The COVID-19 pandemic challenged us in many ways, and one worrisome result has been that people dealt with the often overwhelming stresses of the past two years by adopting some unhealthy coping mechanisms, especially with regard to the use of alcohol and drugs.
According to USA Today, nearly one fifth of adult respondents who participated in a survey about their drinking habits reported that they had participated in “heavy drinking” during the previous 30 days. A heavy drinking day is defined as one during which a woman consumes four or more drinks and for men, five or more drinks.
We know that isolation usually exacerbates drug and alcohol use, and if anything has defined the past two years, it is social isolation. A more distressing fact is that alcohol may weaken the body’s immune response to COVID-19, per the World Health Organization (WHO).
Unfortunately, the National Institutes of Health (NIH) reports that both substance use and overdose rates have increased since the pandemic was declared a national emergency in March of 2020. The chaotic conditions we have lived with also present special challenges to people who are in recovery. Similar to those who drink unhealthy amounts of alcohol, people struggling with substance use disorders tend to have poorer COVID-19 outcomes.
The fact that alcohol and substance use disorders are epidemics at this point, treatment programs are much needed across the country, and in western North Carolina. In response to this, I’m pleased to announce that Transylvania Regional Hospital (TRH) is offering a Medical Detox Services program for our community.
What is medical detox and what does it involve for participants? Medical detox is the initial step one takes in their journey toward recovery from a drug or alcohol addiction. Patients going through the process are eliminating addictive toxic substances from their systems. In order for this to be done safely, medical supervision is necessary.
It’s important for patients to be evaluated and monitored medically as they detoxify, because once a person starts the process, they experience unpleasant withdrawal symptoms as their body goes through the steps to be independent of the substances they’ve become addicted to. Irritability, fatigue, shakiness, vomiting, muscle pain, and mood changes are just some of these difficult-to-endure symptoms.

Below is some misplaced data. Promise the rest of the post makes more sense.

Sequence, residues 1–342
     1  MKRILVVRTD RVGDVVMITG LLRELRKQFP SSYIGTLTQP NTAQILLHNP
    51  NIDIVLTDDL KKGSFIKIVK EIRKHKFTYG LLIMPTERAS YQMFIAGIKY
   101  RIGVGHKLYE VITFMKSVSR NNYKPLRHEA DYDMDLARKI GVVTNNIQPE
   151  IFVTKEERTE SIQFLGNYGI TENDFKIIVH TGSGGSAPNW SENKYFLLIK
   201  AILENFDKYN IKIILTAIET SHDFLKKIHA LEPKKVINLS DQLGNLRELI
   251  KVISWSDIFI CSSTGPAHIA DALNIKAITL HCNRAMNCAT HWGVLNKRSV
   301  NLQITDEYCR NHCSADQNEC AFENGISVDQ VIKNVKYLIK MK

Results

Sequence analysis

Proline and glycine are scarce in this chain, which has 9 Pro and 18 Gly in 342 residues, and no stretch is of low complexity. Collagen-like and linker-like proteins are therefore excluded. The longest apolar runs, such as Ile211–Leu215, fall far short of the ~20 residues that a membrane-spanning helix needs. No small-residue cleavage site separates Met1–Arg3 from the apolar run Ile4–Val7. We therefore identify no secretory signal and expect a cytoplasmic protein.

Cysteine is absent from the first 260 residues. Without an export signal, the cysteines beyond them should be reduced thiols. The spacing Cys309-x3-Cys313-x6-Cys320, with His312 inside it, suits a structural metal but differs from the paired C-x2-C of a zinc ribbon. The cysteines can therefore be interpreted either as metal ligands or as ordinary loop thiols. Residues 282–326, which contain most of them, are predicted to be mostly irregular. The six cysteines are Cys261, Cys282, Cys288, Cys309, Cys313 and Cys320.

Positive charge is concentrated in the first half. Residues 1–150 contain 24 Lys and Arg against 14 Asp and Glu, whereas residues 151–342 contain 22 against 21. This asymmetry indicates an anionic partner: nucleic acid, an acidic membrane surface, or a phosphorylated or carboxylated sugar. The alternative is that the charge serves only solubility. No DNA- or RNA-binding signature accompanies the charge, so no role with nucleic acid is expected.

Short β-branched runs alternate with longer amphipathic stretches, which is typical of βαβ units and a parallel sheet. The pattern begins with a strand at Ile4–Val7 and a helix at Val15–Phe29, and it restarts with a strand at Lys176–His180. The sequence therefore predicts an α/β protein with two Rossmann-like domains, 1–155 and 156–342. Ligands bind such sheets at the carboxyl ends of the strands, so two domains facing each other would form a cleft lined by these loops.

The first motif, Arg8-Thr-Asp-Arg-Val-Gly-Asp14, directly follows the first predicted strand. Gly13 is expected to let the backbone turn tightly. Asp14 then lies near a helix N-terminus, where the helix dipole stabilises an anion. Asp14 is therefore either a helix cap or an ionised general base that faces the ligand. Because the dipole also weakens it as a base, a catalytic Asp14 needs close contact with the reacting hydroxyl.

People who are addicted to alcohol, benzodiazepines (drugs that are prescribed for anxiety, panic disorders, seizures, sleep disorders, and as muscle relaxants), and opiates benefit from a medical detox program.
Every person’s needs are unique during detox, but our patients’ average length of stay tends to be three to five days. A patient must be referred to the program and go through a screening process to determine if the program can appropriately meet their needs.
Once a patient is admitted into the program, they receive a call from our Intake Coordinator confirming that they meet the required criteria to participate and to inform them that a bed is available at the hospital. The opportunity to speak with the Intake Coordinator is offered seven days per week, from 7am to 2pm. The next step is for the patient to register in person at TRH. They settle into a private room with various comforts, including internet capabilities, TV, and nourishing meals.
Detox program patients receive 24-7 care, as well as telehealth support, by highly skilled medical providers and nurses and get referred to post-detox programs as well, as part of their customized after care plan. Every participant’s medical history and current health are reviewed and monitored for the duration of their treatment.
As I mentioned earlier, medical detox is the pivotal first step on the road to recovery. A patient can’t start that journey in earnest until their body has been cleared of substances. To learn more about the program, contact us at 828-777-3821.
As with every service line at TRH, our stellar core of nurses drive our success, and our Medical Detox program is no exception. We celebrate these extraordinary caregivers in May during Nurses Week, May 6-12.
No matter whether you’re an inpatient or outpatient, our nurses provide you with the most highly sophisticated and safe care, delivered with efficiency and great compassion. They balance so many competing demands in the best of times, but we owe them special thanks after all they have done for us during the pandemic. Their dedication is unmatched at TRH.
Michele Pilon, MS, BSN, RN, NE-BC, is the Chief Executive Officer and Chief Nursing Officer of Transylvania Regional Hospital. Her diverse professional experience includes service as a bedside nurse and over a decade as a leader at healthcare institutions in Virginia, Florida, and North Carolina. Ms. Pilon earned a Bachelor’s in Nursing from Ohio’s University of Akron and a Masters in Health Services Administration from the University of St. Francis in Illinois; she is also a Board-Certified Nursing Executive.